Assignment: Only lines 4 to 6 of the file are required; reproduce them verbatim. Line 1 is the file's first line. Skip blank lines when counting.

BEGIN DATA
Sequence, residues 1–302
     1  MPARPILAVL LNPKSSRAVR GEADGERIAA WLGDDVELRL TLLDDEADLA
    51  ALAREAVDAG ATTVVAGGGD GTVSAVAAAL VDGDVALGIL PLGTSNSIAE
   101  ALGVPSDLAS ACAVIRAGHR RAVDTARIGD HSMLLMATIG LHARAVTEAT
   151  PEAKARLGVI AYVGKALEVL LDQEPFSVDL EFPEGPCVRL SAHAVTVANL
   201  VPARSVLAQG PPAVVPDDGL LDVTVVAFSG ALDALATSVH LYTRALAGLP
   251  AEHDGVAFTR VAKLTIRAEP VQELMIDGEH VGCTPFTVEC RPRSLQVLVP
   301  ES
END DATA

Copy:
   101  ALGVPSDLAS ACAVIRAGHR RAVDTARIGD HSMLLMATIG LHARAVTEAT
   151  PEAKARLGVI AYVGKALEVL LDQEPFSVDL EFPEGPCVRL SAHAVTVANL
   201  VPARSVLAQG PPAVVPDDGL LDVTVVAFSG ALDALATSVH LYTRALAGLP